Salary is important but little data is available about the topic. We’ve collected data from public sources on compensation from reported salaries and job listings to benchmark European data salaries by seniority, location and company.
Our benchmark looks at total compensation which also includes stock rewards and bonuses to give the most fair comparison. We’ve only looked at data for individual contributors (IC). While we can’t guarantee the accuracy of all data it should give a good indication of compensation in data roles in Europe. For ease of comparison we’ve converted all numbers to USD ($).
Sampling a dozen records from our dataset gives a finger in the air estimate of the pay expectations you should have at each level of seniority but also shows that there’s a lot of variation.
The goal with the benchmark is to provide an evidence-based approach to evaluation compensation by seniority, location and company.
Compensation by experience level
We’ve looked at the experience level required in job listings and the years of experience for self reported data points to assess seniority. Unsurprisingly, compensation is highly correlated with experience.
- Junior: Median compensation is $70k with few people, mainly at international tech companies, exceeding $100k
- Mid: Median compensation is $86k with 25% exceeding $100k
- Senior: Median compensation is $113k with 25% exceeding $150k
For each year of experience from year 0 to 6 there’s a clear positive correlation between years of experience and salary. But after year 6 this is no longer the case. In other words, people in IC data roles are rewarded for more experience until year 6. This could be explained by the fact that the data industry has changed fast and many of the most sought after skills and technologies have only come around the last few years.
Company is a strong predictor for compensation across all seniority levels with international tech companies such as Google and Meta having some salaries of $150k reported in the mid experience band.
Compensation by location
Our dataset includes data points from all over Europe but in this part of the analysis we’ve zoomed in on Berlin, Munich, Amsterdam, London and Dublin as these had most available data. Cities such as Lisbon, Stockholm and Barcelona could as well have been included.
The contrast between cities is notable
- German-based roles pay lower. This is partly driven by large Berlin-based companies such as Delivery Hero and Zalando having lower than average compensations
- London and Dublin based roles have the highest compensations. The Dublin sample is skewed to more senior roles with 55% of reported salaries being senior, so this is more indicate of the sample than jobs in Dublin paying higher than London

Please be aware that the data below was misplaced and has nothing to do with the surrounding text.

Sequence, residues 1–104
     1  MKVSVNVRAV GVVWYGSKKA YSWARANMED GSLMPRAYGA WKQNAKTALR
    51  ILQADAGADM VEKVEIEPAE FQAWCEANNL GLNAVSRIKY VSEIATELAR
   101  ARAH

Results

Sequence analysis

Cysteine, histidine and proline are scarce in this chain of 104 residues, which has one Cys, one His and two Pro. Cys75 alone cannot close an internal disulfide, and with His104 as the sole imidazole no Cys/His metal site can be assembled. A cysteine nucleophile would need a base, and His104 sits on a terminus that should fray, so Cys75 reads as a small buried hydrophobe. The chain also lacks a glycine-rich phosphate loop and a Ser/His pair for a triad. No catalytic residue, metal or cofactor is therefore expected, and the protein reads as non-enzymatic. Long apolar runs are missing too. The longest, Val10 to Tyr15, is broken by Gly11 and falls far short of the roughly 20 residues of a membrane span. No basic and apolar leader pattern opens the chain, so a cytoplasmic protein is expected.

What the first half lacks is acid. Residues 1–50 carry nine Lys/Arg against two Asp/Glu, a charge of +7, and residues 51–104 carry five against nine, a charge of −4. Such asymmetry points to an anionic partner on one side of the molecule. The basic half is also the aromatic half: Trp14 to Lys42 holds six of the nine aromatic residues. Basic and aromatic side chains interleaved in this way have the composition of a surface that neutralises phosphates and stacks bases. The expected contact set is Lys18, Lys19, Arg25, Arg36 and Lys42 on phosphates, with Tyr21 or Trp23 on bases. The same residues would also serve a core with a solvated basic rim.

- Top 75% percentile jobs in Amsterdam, London and Dublin pay nearly 50% more than those in Berlin
Big tech companies such as Amazon, Meta and Microsoft generally pay better. They have a larger presence in London and Dublin which helps bring the average up.
Compensation by company
Segmenting by company reveals insights on how compensation varies within companies. Our sample includes pay from 260 companies but we’ve zoomed in on Zalando, Delivery Hero, Amazon, Booking.com and Meta.
While a 75% percentile job at Zalando or Delivery Hero pays around $100k, at Booking.com or Meta that’s almost double at $180k. Amazon is harder to compare to as there are more mid-level roles while Meta and Booking.com have a larger share of senior roles. The tails at Delivery Hero and Zalando flatten out quickly highlighting that few IC jobs pay more than $100k.
If you want to earn more than $200k in an IC data role in Europe, you’re most likely to do so if you work at a larger tech company such as Meta, Amazon and Booking.com. A handful of jobs at Airbnb, Google and Meta in Europe reported earning in excess of $300k.
We’ve used publicly available job boards and self reported data points on European data pay to collect data for 500 jobs across 260 companies. In cases where a job listing provided a range (i.e. $60-80k) we’ve taken the mid of the range. We’ve converted all numbers from local currencies to USD to make them comparable.
Only data points where we could find the total pay are included as many tech companies pay both stock options and bonuses in addition to the base salary.
We’ve only looked at pay for European-based roles even if some companies such as Amazon and Meta are based out of the US. If we had included US pay, results would likely have been skewed by tech jobs generally being higher paid in the US.
The sample mostly consist of data points from the following job categories: Data Engineer, Data Scientist, Analytics Engineer and Data/Product Analyst. All roles we’ve included have been individual contributor (IC) roles although some of the lead roles may include informal people management. If we had included manager, director and VP level roles, there would be some total compensation packages exceeding what we’ve found for IC roles.
If you want to replicate the analysis or find specific data points, you may be able to search Google for companies and the roles listed to find examples of either a job listing or self reported salaries.